Penn State Intercom......February 6, 2003

Computer recycling program goes to jail

By Bill Campbell
Special to Intercom computer_junk1

Federal prison inmates are helping Penn State save money and protect the environment.
The University is recycling its scrap computer and electronic equipment through UNICOR, the Federal Prison Industries. Since becoming involved in the program two years ago, Penn State has shipped more than 90,000 pounds of scrap equipment for recycling.

"It is an excellent program that enables us to recycle scrap material that otherwise would be dumped in landfills," Glenn Feagley, computer support and facilities coordinator at the Penn State Surplus Warehouse, said.

"In the past, the University paid private companies 7 to 10 cents a pound for removal of this scrap equipment. There is no charge from UNICOR. More importantly, the program reinforces the University's commitment to environmental concerns and enhances our solid waste recycling program, which is considered one of the best in higher education.

"Recycling is extremely important to us. There are 70 to 80 pounds of waste per computer. Without recycling, that material would take up landfill space that is becoming limited. And, since computers contain many potentially hazardous materials such as lead, mercury and cadmium, landfilling them poses a threat to the environment, along with health concerns."

UNICOR is the trade name of Federal Prison Industries, a wholly owned government corporation, which employs 25 percent of the Federal Bureau of Prisons' inmate population. Under the Electronic Recycling Program, inmates break down the equipment and separate the parts into categories. The goal is to make certain that every part and component gets reused or recycled. The sale of recycled components and refurbished products fully funds the program.

After hearing about the program, Feagley contacted UNICOR and the Surplus Warehouse began working on a trial basis through a facility in Elkton, Ohio. For the past nine months, they have been working with the federal penitentiary in Lewisburg.

"With Elkton, we had to wait four to six months for them to pick up the material," he said, "and it often amounted to 26 to 28 skids, each of which holds 200 to 500 pounds of computer equipment. Since Lewisburg is much closer, we can deliver it more often."

There are three levels of computer material at the Surplus Warehouse, a unit of Procurement and Materials Management, located at Services and Big Hollow Roads on the University Park campus.

The best of used equipment -- 3- to 5-year-old machines in good working condition -- is offered for sale in the sales store.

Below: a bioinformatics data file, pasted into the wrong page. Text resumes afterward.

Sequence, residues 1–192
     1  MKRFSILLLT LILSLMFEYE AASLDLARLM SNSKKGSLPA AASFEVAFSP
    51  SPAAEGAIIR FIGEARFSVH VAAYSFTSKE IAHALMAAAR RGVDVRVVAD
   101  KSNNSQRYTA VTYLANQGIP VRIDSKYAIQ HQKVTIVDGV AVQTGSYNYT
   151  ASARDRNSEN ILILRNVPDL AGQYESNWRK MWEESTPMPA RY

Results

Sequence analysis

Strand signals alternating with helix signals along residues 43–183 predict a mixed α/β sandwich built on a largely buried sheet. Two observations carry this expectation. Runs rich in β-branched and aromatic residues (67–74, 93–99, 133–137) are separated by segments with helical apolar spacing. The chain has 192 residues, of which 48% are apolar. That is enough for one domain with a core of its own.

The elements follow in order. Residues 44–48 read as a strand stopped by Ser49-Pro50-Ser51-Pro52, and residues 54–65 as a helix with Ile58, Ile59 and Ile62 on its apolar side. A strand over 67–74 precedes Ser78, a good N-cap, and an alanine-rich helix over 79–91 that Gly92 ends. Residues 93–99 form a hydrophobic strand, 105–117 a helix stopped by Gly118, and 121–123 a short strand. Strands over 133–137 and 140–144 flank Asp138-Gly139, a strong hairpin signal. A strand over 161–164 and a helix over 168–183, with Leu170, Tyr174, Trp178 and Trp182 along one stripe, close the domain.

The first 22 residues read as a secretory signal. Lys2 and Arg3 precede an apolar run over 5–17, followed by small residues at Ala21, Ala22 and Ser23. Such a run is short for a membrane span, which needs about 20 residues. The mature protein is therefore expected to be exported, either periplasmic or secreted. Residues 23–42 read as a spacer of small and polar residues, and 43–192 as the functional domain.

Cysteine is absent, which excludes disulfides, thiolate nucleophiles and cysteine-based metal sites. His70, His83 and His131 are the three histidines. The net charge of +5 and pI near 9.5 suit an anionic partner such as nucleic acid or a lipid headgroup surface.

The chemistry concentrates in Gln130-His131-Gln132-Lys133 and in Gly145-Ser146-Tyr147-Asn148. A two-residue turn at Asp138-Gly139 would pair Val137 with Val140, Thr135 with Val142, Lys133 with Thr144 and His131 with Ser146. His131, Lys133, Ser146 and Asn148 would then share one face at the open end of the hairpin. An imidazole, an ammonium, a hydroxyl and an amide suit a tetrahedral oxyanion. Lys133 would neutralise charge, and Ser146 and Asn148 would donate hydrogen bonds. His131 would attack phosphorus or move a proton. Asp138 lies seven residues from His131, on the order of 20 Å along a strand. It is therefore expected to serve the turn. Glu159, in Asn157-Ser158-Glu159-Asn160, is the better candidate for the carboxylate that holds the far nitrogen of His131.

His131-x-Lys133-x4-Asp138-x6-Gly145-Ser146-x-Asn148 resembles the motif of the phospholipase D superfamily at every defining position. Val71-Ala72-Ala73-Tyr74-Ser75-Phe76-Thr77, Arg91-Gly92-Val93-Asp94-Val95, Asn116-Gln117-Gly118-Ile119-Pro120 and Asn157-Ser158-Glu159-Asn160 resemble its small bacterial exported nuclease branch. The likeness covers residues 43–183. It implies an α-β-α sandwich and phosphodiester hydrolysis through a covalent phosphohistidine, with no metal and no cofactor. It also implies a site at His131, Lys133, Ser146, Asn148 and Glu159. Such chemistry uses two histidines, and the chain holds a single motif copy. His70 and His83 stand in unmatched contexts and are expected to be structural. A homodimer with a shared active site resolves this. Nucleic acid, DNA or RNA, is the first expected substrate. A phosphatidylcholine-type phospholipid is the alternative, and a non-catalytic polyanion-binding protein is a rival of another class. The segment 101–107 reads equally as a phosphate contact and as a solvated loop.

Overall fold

The second level involves machines that are 5 to 8 years old and have no resale value in the store. They are sold for parts in bulk to private companies in Williamsport, Tyrone and Altoona. This level equipment also is offered at two auctions held annually by Surplus Warehouse.

"Our auctions really have been successful," Feagley said. "We often have more than 200 people attend. Some are there for only one piece of equipment or for one part. It is not a major moneymaker, but it introduces a number of new people to the warehouse and helps us get rid of equipment quickly."

The third level is the scrap material sent to UNICOR. All data is removed from this equipment and the hard drives are destroyed.

According to Feagley, used computer equipment is big business.

"Penn State's library system itself supports 2,500 to 3,000 computers, most of which are on a three-year lease," he said. " At the end of the lease, they are no longer under warranty and often are sent to us. We try to sell them and return some funds to the department.

"In the past, computers were turned in when they were 7 to 9 years old and then 5 to 7 years old. Now it is not unusual to replace computers after three years because of developing technology, including new software and support.

"We have to price the equipment to move, but the market is so competitive that it is driving the price down. We don't offer a warranty. Most buy the equipment as is, but it is tested. We try to sell back to Penn State faculty, staff and students."

Feagley believes the UNICOR electronic recycling program will continue to grow.

"More and more universities are participating in the program," he said. "Michigan State is working with them and Oregon State will start soon. We have gotten calls from other universities who have heard about our involvement. We view it as an important environmental effort and we're proud to be involved."


Bill Campbell can be reached at wjc1@psu.edu.

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